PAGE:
Surrendering A Pet
Re-Homing Your Pet
If circumstances require you to give up your pet, please first consider finding a new home for your pet on your own. Re-homing your pet will take time, patience and effort. However, your pet will be happier during the transition, and you have the added benefit of choosing his new family. Make sure that you know who your pet will be going to – don’t be afraid to do your research!
Rehome.adoptapet.com is a terrific resource that gives you access to list your pet on a website shelters use to market our pets. When a prospective family searches Rehome, your pet's profile will appear alongside other adoptable pets who fit the search criteria.This could potentially reach someone from out of the area who is looking for your kind of pet!
Please consider these tips:
If possible, have your pet spayed or neutered.
Make a list of your pet's traits. Brainstorm your pet’s appearance, personality and behavior. Do include the good and the bad. This will help you develop a short biography for your pet to give to potential adopters. Be honest so the person giving a home to your animal will know what to expect.
Take photos of your pet. Use the photos to make fliers to post at pet supply stores, veterinary clinics, places of worship, work bulletin boards, online bulletin boards, e-mails and in newsletters. Be sure to alert family and friends so they can tell the people in their community about your pet needing a new home.
Many websites offer free services for you to post info about your pet, such as Craigslist, facebook, or Petfinder.com. If the animal is a purebred, you may be able to seek help from a breed rescue groups such as the ones listed on http://www.akc.org/dog-breeds/rescue-network.
Interview potential adopters. You want to make sure that the people adopting your pet are a good fit. Ask them about their past pets and how they will take care of your pet.
Be patient and stay realistic. Older animals, sick animals, and those who have medical conditions or behavioral problems can be hard to place. Keep in mind that the very problem that is causing you to give up your pet may be the same reason someone else is reluctant to adopt her.
Surrendering Your Pet to Saving Grace
Please note that Saving Grace is only able to accept pets from residents of Douglas County.
Be aware that a shelter is a unique setting for any animal. Ask yourself: how does my pet interact with strangers? Does she allow people to hold her, touch her, or examine her ears, mouth or body without biting? Is my pet extremely timid and terrified by strange noises and strange people? Remember, shelter staff, volunteers and potential adopters are all strangers to your pet! Though your pet may still be able to become a much-loved member of a new family, a shelter may not be a suitable means for finding this new family.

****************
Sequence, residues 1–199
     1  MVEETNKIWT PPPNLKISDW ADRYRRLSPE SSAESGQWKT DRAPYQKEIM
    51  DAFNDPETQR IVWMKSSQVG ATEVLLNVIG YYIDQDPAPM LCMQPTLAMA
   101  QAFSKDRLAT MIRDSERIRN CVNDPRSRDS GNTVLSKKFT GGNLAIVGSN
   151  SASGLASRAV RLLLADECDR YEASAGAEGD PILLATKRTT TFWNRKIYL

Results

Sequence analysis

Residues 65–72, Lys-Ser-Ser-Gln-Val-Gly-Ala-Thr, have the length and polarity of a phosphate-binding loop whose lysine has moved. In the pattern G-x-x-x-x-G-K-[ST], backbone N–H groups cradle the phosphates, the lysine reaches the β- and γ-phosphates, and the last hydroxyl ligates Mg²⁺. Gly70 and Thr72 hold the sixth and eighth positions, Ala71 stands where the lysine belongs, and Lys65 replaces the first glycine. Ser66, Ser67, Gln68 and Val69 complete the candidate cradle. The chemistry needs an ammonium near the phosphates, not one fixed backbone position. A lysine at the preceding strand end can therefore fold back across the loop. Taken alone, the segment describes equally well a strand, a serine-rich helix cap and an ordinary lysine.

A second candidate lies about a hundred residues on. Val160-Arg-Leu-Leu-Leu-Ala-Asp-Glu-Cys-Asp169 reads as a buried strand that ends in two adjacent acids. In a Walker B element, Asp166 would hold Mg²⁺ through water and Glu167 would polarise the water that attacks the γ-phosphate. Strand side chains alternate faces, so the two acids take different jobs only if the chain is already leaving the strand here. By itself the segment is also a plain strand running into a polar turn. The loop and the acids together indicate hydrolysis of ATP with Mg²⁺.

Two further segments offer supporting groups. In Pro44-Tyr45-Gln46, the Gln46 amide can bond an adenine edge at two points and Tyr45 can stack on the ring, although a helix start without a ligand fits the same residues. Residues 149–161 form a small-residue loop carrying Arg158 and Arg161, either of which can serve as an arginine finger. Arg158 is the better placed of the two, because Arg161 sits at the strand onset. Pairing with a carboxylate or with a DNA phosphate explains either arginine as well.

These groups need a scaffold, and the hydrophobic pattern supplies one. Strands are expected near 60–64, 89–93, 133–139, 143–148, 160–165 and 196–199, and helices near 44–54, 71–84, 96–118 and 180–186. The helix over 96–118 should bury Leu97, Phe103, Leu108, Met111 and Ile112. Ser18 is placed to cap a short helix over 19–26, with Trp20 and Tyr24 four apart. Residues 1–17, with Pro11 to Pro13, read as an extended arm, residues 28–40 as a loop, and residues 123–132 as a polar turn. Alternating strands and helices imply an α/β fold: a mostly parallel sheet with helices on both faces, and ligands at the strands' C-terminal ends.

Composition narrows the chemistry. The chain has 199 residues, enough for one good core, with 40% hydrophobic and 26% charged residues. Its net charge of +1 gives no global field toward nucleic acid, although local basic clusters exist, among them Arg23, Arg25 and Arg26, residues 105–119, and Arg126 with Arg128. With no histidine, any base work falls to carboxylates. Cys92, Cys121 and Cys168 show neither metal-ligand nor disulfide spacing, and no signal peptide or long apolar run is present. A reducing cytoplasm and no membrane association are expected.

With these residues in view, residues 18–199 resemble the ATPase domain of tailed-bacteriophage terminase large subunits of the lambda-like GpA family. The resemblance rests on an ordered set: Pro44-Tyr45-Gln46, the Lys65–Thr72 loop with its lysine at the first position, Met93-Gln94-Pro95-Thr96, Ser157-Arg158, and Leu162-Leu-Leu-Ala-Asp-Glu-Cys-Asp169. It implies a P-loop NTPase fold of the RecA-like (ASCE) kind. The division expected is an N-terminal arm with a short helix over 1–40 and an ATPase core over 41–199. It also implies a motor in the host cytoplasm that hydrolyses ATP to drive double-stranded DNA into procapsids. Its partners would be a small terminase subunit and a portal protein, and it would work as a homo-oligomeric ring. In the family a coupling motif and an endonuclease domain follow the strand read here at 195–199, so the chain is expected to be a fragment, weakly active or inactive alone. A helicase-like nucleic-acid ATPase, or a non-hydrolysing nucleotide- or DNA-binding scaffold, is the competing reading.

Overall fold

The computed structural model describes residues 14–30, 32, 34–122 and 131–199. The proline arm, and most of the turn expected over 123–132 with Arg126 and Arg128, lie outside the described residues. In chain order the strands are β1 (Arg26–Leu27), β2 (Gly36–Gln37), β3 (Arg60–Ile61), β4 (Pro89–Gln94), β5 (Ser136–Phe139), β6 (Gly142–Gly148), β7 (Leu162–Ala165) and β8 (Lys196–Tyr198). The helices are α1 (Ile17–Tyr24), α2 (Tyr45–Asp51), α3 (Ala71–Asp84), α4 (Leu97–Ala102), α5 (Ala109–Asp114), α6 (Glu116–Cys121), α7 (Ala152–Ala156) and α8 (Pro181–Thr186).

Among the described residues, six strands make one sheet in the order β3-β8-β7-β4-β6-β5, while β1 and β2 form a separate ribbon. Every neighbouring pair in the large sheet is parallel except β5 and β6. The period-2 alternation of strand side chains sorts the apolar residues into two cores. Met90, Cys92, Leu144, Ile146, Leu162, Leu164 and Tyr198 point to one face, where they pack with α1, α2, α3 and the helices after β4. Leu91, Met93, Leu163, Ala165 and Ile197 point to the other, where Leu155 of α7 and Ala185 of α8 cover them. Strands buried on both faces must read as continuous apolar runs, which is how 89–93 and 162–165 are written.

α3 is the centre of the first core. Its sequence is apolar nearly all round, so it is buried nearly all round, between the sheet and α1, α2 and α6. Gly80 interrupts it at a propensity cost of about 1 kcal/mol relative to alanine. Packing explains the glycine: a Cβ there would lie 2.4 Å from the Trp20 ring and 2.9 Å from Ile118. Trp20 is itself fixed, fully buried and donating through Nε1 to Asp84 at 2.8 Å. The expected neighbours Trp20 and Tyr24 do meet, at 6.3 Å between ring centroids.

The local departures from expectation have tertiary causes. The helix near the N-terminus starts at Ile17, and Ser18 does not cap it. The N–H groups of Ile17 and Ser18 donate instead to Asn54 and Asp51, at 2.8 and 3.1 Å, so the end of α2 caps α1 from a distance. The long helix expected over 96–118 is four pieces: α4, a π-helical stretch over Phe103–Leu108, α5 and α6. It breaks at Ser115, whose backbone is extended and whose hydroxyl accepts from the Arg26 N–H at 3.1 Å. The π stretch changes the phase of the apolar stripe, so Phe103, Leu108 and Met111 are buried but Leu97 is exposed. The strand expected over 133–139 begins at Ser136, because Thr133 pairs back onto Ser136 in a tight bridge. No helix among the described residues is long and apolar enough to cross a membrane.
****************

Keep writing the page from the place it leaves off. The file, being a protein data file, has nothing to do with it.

If you do bring your pet to the shelter, please fill out our Owner Surrender package as accurately and completely as possible. Honest answers are important and will help to ensure that your pet is placed in the most appropriate home possible. Undesirable behaviors & medical issues do not necessarily create problems. However, not disclosing those problems definitely does! Dishonest, misleading or incomplete responses can undermine the safety and happiness of both your pet and their new adopting family. If any questions are unclear or you are uncomfortable responding for any reason, please ask to speak directly to one of our helpful team members about the issue.
Please bring along any documents, vet records or unneeded supplies for your pet.
Once you have relinquished ownership of your pet, our team will evaluate his or her health and temperament. Healthy pets who pass our behavioral evaluation may be approved for adoption right away. Pets needing further veterinary care, who are too young or need a little socialization may be placed into foster care first. When our shelter is close to capacity, which is quite often, our evaluations become more stringent.
Adoptable pets who maintain good physical and emotional health are allowed to stay until they are adopted. We do not have a time-limit in our adoption areas. Our team evaluates each animal’s well-being on a daily basis. Some pets cope with the stress of being sheltered for only a few days while others can stay in our shelter for several months.
Pets that do not pass our health or behavioral evaluations, or show increasing symptoms of “kennel stress” are humanely euthanized by our caring staff.
For owner-surrendered pets: You will be notified by phone if for some reason your pet is not going to be made available for adoption. You will be given an opportunity to retrieve your pet.